A label is such a funny thing. It can provide an identity, lend legitimacy to who we are, and create a community . Whether you’re a fan of a sports team, from a certain university or enjoy a particular hobby you have a label. Along with that label you are also granted a set of characteristics common to that group. Even before someone meets you, they already “know” who you are – A skydiver is a daring thrill seeker and a librarian is a stern intellectual. You’re stereotyped, for good or ill, regardless of whether the stereotype is apt.
Given the power of a stereotype, I’m hesitant to categorize those within the transgender community. The gender spectrum is so varied that I would be naive to think that I could provide an adequate description for all points along the spectrum, or even that I had identified the most interesting points. Yet in spite of this, I know that an article attempting to describe the gender spectrum can be a godsend for those who are just beginning their journey in gender diversity. Often, as I was starting out, you feel confused and alone. You may not even be aware that you’re struggling with gender identity.
Am I alone in my love for women’s clothing? Does this mean I’ll get a sex change? Am I gay?
I can’t answer all your questions in one article, or even a full publication – two author’s have tried in excellent books I highly recommend (My Husband Wears My Clothes and My Husband Betty). My goal is to share a few of the terms we use within the transgender community to describe ourselves – and to hear from the veterans what they think and where I may have misspoken.
So with that in mind…
Wikipedia has a good article on the transgender definition, but unfortunately I’ve found many other suspect answers on the Internet so be careful who you listen to. There are also some transgender myths you should avoid.
Transgender: Myself (and others) use this term as a broad umbrella term to encompass all people who have feelings of gender dysphoria, from the part time crossdresser to someone who has transitioned. In recent literature on the topic the term “cisgender” has been coined to be the opposite of transgender – where the inner and outer gender identity are consistent.
Crossdresser: A crossdresser is someone who dresses in clothes of the opposite gender for pleasure. This may be sexual or a desire to appear as the other gender (see: why do men crossdress). Many crossdressers I’ve spoken with describe the feeling associated with wearing clothes of the opposite gender as natural and relaxing.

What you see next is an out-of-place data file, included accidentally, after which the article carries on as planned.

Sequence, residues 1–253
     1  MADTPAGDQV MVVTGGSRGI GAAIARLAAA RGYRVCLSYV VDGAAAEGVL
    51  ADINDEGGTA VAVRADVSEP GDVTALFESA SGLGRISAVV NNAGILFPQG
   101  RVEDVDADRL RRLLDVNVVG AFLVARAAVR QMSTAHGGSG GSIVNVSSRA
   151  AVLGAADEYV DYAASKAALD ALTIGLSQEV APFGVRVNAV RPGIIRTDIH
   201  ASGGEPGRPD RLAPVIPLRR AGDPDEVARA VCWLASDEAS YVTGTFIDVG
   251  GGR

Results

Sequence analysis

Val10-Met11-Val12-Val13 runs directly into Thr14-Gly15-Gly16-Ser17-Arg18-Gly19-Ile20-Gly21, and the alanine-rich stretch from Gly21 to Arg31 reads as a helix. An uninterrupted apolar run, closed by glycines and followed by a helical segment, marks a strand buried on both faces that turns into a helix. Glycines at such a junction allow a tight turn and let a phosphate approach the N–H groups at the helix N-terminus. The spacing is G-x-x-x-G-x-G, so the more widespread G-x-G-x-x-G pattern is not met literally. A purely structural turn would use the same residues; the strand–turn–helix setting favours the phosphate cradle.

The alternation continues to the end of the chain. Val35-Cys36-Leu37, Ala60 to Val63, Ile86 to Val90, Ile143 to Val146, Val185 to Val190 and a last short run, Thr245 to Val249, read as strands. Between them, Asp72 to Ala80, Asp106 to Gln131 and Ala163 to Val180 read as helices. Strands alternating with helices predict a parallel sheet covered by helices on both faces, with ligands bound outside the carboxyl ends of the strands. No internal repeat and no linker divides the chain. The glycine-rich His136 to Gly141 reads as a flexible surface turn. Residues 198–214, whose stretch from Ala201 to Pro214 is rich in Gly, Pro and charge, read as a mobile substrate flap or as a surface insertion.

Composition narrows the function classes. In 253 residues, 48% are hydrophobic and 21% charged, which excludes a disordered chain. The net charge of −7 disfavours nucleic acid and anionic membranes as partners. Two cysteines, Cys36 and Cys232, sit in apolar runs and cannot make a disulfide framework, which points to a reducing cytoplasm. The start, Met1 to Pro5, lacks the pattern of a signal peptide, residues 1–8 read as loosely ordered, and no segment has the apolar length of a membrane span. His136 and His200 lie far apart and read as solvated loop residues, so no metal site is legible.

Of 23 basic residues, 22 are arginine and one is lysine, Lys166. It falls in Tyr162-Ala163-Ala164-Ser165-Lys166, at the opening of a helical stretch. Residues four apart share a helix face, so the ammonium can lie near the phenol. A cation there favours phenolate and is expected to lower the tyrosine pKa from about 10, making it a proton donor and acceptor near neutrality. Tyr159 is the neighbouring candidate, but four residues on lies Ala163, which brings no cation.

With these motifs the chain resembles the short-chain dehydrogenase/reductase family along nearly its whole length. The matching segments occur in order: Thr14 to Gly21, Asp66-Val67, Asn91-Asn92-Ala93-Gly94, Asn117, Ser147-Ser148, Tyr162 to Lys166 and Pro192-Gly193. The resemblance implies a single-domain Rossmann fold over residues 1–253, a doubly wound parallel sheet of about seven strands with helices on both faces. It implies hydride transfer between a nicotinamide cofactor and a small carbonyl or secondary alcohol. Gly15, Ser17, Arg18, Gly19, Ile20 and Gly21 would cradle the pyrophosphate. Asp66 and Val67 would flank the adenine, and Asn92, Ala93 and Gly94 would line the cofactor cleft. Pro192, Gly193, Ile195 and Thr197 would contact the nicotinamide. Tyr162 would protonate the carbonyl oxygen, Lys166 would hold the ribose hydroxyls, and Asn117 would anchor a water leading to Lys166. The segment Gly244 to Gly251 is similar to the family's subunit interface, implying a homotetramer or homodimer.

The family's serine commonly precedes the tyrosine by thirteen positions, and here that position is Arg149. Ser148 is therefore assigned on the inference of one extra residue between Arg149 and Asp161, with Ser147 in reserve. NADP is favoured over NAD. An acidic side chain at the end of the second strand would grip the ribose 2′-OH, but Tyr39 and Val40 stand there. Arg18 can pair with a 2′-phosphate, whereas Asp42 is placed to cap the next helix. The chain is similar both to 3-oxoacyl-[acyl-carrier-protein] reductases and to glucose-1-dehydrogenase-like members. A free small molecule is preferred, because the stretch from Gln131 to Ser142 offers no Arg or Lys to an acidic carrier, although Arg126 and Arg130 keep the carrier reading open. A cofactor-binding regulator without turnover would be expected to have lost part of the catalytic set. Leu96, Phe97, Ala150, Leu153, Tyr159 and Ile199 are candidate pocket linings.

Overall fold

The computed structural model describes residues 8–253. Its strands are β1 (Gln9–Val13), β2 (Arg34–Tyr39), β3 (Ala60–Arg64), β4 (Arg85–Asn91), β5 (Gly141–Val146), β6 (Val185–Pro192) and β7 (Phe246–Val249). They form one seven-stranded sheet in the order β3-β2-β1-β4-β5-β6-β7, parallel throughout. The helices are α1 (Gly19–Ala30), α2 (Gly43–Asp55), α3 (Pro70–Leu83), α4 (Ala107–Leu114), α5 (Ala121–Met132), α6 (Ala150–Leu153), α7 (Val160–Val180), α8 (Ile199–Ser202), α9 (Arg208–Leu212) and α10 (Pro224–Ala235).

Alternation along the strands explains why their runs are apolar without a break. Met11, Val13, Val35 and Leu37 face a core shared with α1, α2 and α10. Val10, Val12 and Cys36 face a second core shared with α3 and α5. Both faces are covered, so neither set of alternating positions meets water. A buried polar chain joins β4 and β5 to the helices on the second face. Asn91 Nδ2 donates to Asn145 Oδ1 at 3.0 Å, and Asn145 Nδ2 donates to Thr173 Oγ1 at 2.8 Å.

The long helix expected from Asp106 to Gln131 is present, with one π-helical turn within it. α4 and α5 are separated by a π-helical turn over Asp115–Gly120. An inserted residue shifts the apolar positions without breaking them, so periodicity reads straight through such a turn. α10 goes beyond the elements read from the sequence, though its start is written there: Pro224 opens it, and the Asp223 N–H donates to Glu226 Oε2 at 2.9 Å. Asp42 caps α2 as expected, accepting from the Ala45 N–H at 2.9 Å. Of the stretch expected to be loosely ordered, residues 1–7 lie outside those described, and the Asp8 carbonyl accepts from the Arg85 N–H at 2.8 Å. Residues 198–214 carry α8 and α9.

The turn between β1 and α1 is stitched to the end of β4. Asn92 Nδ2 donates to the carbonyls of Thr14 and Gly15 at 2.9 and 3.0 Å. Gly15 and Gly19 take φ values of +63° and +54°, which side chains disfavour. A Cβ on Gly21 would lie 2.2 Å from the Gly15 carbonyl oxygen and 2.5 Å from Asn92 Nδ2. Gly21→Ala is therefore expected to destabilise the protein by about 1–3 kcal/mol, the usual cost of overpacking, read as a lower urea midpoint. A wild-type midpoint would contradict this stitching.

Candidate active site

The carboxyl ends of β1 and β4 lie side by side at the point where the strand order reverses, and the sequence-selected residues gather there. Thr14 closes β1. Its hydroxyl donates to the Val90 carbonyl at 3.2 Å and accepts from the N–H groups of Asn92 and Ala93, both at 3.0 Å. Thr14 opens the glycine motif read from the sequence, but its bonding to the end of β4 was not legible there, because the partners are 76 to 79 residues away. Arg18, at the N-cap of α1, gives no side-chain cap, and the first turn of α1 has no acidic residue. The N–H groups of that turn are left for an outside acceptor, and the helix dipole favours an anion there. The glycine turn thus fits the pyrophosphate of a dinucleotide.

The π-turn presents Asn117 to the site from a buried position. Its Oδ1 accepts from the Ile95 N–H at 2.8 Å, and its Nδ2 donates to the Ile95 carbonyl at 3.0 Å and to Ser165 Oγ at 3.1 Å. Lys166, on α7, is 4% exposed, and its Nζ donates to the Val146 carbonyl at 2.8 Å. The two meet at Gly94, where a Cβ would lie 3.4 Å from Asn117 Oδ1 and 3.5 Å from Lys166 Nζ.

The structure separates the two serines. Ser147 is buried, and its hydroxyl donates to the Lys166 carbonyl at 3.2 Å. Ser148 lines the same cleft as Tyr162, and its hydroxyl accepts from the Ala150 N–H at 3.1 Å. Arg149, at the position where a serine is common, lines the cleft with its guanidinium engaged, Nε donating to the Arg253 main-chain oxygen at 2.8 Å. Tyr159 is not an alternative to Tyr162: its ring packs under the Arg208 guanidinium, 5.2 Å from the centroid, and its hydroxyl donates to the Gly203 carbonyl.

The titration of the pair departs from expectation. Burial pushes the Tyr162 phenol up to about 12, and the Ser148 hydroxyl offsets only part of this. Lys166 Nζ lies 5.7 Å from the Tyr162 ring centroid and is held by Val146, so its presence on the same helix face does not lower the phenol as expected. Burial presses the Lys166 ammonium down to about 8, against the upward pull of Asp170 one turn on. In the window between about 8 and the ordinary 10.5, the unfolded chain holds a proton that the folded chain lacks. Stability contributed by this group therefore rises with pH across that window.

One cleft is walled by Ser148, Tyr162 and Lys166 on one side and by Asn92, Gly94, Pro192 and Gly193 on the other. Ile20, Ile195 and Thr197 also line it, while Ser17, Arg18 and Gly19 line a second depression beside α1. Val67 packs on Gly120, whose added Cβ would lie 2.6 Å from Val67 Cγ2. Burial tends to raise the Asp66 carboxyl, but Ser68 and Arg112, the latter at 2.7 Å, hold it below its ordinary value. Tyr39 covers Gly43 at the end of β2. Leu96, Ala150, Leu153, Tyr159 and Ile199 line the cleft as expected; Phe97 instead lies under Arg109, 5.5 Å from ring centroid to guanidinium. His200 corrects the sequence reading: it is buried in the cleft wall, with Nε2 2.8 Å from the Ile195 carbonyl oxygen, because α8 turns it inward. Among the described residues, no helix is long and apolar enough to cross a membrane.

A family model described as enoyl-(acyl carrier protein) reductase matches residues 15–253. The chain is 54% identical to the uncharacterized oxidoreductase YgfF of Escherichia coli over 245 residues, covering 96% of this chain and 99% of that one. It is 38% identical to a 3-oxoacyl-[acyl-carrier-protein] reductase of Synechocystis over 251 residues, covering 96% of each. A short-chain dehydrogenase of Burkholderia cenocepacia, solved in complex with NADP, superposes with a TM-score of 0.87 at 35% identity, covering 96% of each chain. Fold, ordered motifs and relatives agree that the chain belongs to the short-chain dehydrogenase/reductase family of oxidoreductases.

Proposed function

Transsexual: A person who lives as a gender opposite that of their birth gender. They may or may not have had “the operation” to alter their genitals. Pre-op (before the operation), Post-op (after the operation) and no-op (Opting not to have the operation). It is considered quite rude to refer to a transsexual by their birth gender – whether or not they “pass”.
Drag Queen/King: A performer who appears as the opposite gender, typically for theatrical effect, whether dramatic or comedic. It’s a myth that all drag queens are gay.
Intersexed: Someone who is born with ambiguous genitals. More often than not the “mistake of nature” is “fixed” shortly after birth when the doctor or parents choose a gender for the baby. This can result in a lifetime of struggle and shame (see the Intersex Society of North America for more details).
Genderqueer: Defying even the more liberal gender categorizations I’ve provided above, those who identify as gender queer typically break all stereotypes associated with gender and display the gender identity and gender expression they feel most suits them.
Have I missed anyone? Mischaracterized anyone? Let me know, I’m eager for your comments and feedback.
What’s your gender identity?
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